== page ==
Location: Application Technology Research2010 Annual Report
1a. Objectives (from AD-416)
Development of a method for stabilization of pH in container substrate during crop production. This will be done by 1) quantify the rate of release of acidity from the plant system throughout crop time, 2) Determine the extent of change in substrate titration properties during the 11 week crop chrysanthemum, 3) Determine how to draw an unaltered soil solution sample that is representative of the pH situation throughout the soil ball, 4) Establish a titration method for testing substrate, 5) Test the capacity of a stable, reproducible dairy compost to set initial substrate pH and to buffer it against later change, 6) Establish the optimum proportion of compost in a peat moss:perlite base substrate for establishing and holding the target pH, 7) Profile the pH buffering capacity of compost during an 11 week crop of chrysanthemums, 8) Evaluate the impact of compost on substrate physical properties, 9) Explore methods for lowering the bulk density of compost-containing substrates, 10) Lower the bulk density of compost by composting for a shorter time, just sufficient for complete nitrification of NH4+ to NO3- to avoid a later pH drop if nitrification were to occur, 11) Test the use of light weight components along with compost to compensate for weight, and 12) Measure the impact of compost on nutrient supply to establish a compensating fertility program.
1b. Approach (from AD-416)
We plan to use a physiologically neutral fertilizer, water with zero alkalinity (deionized water), and water soluble liming materials devoid of residual lime. The net effect will be pH depression caused by plant system respiration and chemical acidity of the fertilizer. The test crop will be potted chrysanthemum because it has a suitably long production time of 11 weeks, is available year-around, and is one of the most important potted crops world-wide. A substrate of 3 sphagnum peat moss and 1 perlite will be used. Nutrient solution will be applied with each irrigation. Acid release will be determined periodically by extrapolating between the initial and final pH points for a given period on a substrate pH titration curve for that period. Substrate will be titrated quarterly during the crop. This will enable us to determine if the initial pre-plant titration curve is adequate for measuring acid release throughout the crop or whether subsequent curves are needed in addition to the initial curve. It will also yield the subsequent curves in the event they are required. The pour-through extraction procedure will be used as a point of reference for a close examination of the efficacy of Rhizon porous plastic vacuum extractors. Parameters to be considered include: length of time for water sorption prior to titration, the balancing cation on the titrating base (Na vs. Ca), mixing time after each addition of base, and advisability of adjusting substrate from pH 3 to 11 and back to 3 prior to titration to open up exchange sites in the organic material.
3. Progress Report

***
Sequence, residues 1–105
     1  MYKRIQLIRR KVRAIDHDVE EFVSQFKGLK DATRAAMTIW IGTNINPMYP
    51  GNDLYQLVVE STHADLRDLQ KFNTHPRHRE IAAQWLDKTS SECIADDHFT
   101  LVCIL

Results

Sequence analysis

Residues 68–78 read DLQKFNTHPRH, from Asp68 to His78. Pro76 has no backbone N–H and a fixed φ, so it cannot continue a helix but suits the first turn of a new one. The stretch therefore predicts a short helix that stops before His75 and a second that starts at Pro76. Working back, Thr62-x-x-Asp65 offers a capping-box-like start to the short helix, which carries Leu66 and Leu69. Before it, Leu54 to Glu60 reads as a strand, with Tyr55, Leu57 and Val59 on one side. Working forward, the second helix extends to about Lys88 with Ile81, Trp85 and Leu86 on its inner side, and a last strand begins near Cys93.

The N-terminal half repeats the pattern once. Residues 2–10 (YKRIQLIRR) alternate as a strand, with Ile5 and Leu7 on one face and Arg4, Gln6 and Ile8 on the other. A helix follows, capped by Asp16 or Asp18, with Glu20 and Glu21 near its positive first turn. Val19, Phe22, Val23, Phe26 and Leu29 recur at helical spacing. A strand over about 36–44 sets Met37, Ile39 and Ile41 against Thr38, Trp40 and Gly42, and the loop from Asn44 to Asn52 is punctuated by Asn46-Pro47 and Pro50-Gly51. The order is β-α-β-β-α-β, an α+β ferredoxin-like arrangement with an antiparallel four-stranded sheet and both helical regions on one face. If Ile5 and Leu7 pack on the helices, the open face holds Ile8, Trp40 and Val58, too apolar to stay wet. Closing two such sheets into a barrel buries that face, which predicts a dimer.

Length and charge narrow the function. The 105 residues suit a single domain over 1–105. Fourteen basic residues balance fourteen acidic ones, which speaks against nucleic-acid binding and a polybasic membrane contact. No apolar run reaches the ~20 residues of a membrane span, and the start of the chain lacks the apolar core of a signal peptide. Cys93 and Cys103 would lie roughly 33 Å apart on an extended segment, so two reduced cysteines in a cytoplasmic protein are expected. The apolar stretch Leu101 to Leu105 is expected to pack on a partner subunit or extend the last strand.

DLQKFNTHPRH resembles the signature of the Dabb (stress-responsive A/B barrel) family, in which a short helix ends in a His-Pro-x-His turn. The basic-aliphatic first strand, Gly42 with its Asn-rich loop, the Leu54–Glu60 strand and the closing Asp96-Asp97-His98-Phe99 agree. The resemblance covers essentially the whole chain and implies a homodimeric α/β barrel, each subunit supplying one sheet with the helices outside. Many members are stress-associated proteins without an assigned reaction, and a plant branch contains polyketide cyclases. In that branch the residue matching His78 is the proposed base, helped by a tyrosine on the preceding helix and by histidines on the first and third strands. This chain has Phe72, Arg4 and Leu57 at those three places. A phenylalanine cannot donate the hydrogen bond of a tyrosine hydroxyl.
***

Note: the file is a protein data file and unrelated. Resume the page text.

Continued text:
The overall goals of the project are to quantify the amount of acidity released into the root substrate by a plant system during culture and to explore the use of mature dairy manure compost for adjusting and stabilizing substrate pH during crop production. We developed a technique for titrating peat moss substrate that allows us to assess plant acidification and the pH buffering capacity of compost. We also completed a comparative assessment of the Rhizon vacuum substrate solution sampler against conventional systems to develop a minimally invasive means for procuring un-altered solution for our substrate pH study. Thirteen floral crops when fertilized with neutral reaction fertilizer lowered pH between 4 and 78 days after transplant by the following amounts: petunia (0.14), begonia (0.19), osteospermum (0.43), pansy (0.51), impatiens (0.79), New Guinea impatiens (0.89), geranium (0.97), vinca (1.00), tomato (1.17), Reiger begonia (1.46), pot mum (1.56), sunflower (2.44), and kalanchoe (2.45). Substrate pH was successfully adjusted up to 6.5 from a starting point under 4 with compost and no other liming material and was stabilized to the same degree as obtained alternatively with agricultural limestone. The impact of compost on physical properties of a peat moss-base substrate was the same at the start as at the end of an 11 week pot mum crop. Over the 11 week crop time, dry bulk density and total pore space remained the same while air space diminished and container capacity rose. Substrate shrinkage in the pot due to compost was insignificant over the 11 weeks. Within each point in time, compost raised dry bulk density and container capacity, had no effect on total porosity, and lowered air space. Tissue analysis of pot mum leaves at the end of the crop indicated that compost resulted in increased concentrations of potassium, sulfur, copper, iron, and manganese, lower, but adequate, calcium and magnesium, and similar nitrogen, phosphorus, boron, and zinc concentrations. Leaching tests showed that the greatest release of nutrients from compost is at time zero and declines in an asymptotic fashion thereafter, suggesting that adjustments in crop fertilization will affect pre-plant fertilizer formulated into the substrate more than post-plant fertilization. Work to be undertaken this next year includes the following: the time-course rate of acid release into substrate by the plant system will be further quantified; a set of suitability parameters will be developed for evaluating the usefulness on candidate composts in container substrates; a means will be sought for lowering the dry bulk density of compost containing substrates which includes lighter components in the mix; the minimum required shipping bulk density of compost substrate that ensures acceptable wetability of the mix will be compared to that of conventional peat-lite substrate and; required adjustments in fertilization practices to accommodate nutrient release from compost will be identified. Activity was monitored through a site visit, face-to-face meetings at two conferences, frequent email communication, and once-a-month phone calls.